Brian Armstrong, the CEO and co-founder of crypto exchange Coinbase has compared the Securities and Exchange Commission (SEC) to “soccer refs” in a game of pickleball, criticizing U.S. regulators for not being able to “agree on the rules” of “this new game.”
The comments came after Armstrong revealed that his firm had been issued a Wells Notice on March 22 — which he had noted “typically precedes an enforcement action.”
1/ Today Coinbase received a Wells notice from the SEC focused on staking and asset listings. A Wells notice typically precedes an enforcement action.
— Brian Armstrong (@brian_armstrong) March 22, 2023
The Coinbase CEO has been critical about the seeming lack of clarity from United States regulators around crypto regulation. There has also been an ongoing debate on who should be the primary body regulating crypto.
Asked to explain the most recent development “in NFL terms,” Armstrong quipped:
“Imagine you’ve got both football and soccer refs on the field, but we’re actually playing pickleball (fastest growing new sport in America). The refs can’t really agree on the rules of this new game, and one of them decides to change a call they made back in April 2021.”
The reference to a “call they made back in April 2021” refers to the SEC’s approval of Coinbase’s application to go public in 2021. Armstrong argued that the SEC that its filings “clearly explained” its asset listing process and “included 57 references to staking.”
In a separate tweet, Coinbase Chief Legal Officer Paul Grewal claimed the SEC provided “no clear rule book” on crypto regulations and that “efforts to engage with the SEC are met with silence or enforcement actions.”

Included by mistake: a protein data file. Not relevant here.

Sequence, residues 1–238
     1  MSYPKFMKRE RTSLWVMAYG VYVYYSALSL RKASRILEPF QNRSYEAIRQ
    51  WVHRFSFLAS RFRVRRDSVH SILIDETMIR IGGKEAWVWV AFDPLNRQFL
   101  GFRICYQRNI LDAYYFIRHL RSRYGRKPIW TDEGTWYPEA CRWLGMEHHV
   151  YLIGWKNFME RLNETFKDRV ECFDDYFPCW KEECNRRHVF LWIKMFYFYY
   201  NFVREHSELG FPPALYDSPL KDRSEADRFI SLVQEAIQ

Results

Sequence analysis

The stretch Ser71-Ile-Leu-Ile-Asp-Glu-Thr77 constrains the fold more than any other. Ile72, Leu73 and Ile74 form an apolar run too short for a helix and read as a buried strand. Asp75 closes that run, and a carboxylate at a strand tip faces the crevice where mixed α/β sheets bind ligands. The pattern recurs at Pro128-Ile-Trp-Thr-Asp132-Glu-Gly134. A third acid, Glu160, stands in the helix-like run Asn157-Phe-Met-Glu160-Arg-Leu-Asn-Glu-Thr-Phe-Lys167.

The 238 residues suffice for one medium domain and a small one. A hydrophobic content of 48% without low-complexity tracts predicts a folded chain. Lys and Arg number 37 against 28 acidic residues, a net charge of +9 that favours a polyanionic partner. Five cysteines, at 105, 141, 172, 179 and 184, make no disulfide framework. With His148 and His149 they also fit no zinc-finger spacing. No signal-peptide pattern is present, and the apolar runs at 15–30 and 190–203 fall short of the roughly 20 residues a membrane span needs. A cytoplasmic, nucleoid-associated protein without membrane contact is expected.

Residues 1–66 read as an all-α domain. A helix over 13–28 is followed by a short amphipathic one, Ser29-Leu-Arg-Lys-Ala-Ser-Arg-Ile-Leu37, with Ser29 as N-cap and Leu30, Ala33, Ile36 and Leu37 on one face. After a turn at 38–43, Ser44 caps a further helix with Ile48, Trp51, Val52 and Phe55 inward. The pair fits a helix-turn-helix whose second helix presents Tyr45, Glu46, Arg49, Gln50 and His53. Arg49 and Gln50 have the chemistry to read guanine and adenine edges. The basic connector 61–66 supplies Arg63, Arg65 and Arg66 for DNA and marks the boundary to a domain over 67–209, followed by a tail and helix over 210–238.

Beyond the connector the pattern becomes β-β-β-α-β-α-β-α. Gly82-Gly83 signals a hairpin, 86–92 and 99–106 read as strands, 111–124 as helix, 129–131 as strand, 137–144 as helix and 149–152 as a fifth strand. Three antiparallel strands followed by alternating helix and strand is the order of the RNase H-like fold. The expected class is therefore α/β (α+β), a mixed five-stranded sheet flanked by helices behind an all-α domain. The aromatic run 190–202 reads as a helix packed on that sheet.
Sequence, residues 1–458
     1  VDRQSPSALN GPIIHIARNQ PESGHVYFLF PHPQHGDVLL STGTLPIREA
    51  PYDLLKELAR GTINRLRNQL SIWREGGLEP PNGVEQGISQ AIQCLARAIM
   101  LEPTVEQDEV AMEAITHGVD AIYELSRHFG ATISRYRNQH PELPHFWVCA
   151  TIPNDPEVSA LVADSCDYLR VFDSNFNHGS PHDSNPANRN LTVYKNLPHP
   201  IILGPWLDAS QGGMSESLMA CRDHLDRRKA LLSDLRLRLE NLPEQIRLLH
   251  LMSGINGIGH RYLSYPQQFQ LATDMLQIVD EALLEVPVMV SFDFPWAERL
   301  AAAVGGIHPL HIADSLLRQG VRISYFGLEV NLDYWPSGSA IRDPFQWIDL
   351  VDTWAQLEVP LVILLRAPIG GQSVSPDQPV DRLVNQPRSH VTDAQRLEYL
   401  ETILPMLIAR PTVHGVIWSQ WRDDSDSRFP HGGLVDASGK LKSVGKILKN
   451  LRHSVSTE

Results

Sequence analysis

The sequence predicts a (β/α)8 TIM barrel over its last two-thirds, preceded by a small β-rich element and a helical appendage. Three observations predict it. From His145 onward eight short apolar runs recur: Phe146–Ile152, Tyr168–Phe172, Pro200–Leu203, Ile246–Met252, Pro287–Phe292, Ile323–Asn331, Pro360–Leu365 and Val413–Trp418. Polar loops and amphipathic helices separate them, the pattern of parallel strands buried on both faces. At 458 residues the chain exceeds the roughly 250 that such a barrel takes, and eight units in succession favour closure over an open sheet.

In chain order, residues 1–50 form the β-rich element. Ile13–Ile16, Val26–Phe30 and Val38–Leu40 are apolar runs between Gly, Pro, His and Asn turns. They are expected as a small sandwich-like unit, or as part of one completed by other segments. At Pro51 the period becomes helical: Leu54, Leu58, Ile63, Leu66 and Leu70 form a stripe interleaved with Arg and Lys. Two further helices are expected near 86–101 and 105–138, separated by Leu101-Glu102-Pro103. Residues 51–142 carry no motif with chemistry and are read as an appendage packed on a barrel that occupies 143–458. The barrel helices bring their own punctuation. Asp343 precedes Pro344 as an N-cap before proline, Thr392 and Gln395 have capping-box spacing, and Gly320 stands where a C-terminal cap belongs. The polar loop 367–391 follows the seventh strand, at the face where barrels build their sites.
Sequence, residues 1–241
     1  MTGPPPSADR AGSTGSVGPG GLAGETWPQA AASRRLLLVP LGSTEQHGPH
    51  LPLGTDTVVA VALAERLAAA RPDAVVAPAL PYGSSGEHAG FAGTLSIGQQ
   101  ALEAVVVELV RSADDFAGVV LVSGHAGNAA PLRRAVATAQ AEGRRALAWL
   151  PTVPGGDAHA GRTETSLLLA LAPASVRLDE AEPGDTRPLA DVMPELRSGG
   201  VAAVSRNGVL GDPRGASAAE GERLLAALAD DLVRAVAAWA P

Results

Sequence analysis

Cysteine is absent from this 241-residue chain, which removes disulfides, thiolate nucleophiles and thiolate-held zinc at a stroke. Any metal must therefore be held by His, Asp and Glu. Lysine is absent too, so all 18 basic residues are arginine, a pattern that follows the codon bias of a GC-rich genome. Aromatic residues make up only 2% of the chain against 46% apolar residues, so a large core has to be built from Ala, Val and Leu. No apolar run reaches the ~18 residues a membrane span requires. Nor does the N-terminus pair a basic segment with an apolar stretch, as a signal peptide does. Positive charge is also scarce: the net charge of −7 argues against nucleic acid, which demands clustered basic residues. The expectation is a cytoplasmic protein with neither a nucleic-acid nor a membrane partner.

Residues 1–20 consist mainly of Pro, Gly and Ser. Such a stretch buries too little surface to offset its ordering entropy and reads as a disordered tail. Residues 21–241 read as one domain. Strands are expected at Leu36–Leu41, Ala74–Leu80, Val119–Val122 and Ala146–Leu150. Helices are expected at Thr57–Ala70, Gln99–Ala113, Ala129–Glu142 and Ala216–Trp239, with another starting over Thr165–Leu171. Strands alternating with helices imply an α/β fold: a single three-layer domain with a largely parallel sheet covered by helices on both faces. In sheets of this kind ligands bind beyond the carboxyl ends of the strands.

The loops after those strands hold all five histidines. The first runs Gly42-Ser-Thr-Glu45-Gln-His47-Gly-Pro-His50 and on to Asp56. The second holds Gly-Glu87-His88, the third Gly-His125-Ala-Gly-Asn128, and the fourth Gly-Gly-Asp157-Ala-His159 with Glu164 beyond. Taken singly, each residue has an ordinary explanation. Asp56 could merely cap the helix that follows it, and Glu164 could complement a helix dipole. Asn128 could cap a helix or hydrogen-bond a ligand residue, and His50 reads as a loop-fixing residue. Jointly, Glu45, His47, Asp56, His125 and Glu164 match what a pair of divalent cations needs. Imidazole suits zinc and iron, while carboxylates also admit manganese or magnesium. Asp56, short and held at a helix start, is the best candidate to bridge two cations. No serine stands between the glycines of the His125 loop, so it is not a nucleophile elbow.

The truth is that today there is no clear rule book from the SEC on crypto, and efforts to engage with the SEC are met with silence or enforcement actions. They have not followed a good faith rulemaking process with industry, as required under the APA. 10/15
— paulgrewal.eth (@iampaulgrewal) March 22, 2023
Both executives appear to welcome the chance to use the “legal process” to provide the crypto industry with regulatory clarity.
“We are proud to stand up for our customers and the industry in these moments,” said Armstrong.
“Going forward the legal process will provide an open and public forum before an unbiased body where we will be able to make clear for all to see that the SEC simply has not been fair, reasonable, or even demonstrated a seriousness of purpose when it comes to its engagement on digital assets.”
While other firms like Kraken reached a settlement with the SEC that required it to stop offering staking services to U.S. customers, Armstrong has repeatedly asserted that Coinbase’s staking services are not securities and that the firm would be happy to defend this position in court if required.
Related: Cathie Wood’s ARK sells Coinbase stock for the first time in 2023
The crypto community has widely condemned the recent notice, with many agreeing that the SEC has reversed its earlier position regarding Coinbase.
Sums it up https://t.co/tw64h9EE32
— John E Deaton (@JohnEDeaton1) March 23, 2023
Many have also thrown their support behind Coinbase, also seeming to agree that Coinbase would be fighting on behalf of the entire U.S. crypto industry as an unclear regulatory environment drives activity offshore.
Magazine: Best and worst countries for crypto taxes — Plus crypto tax tips
SEC’s Hester Peirce Says Regulator’s Approach to Crypto Has Been ’Strange’
Unveiling the Literary Landscape: Must-Read Bitcoin Books for Cryptocurrency Enthusiasts
Bonded staking in Canada: ETH, SOL, MATIC, DOT, KSM, ATOM, SCRT and KAVA available now!
Ethereum Shanghai Upgrade: What you need to know
Nissan files 4 new web3 trademarks, trials sales in the metaverse
Why is Ethereum (ETH) price down today?
News from Twitter: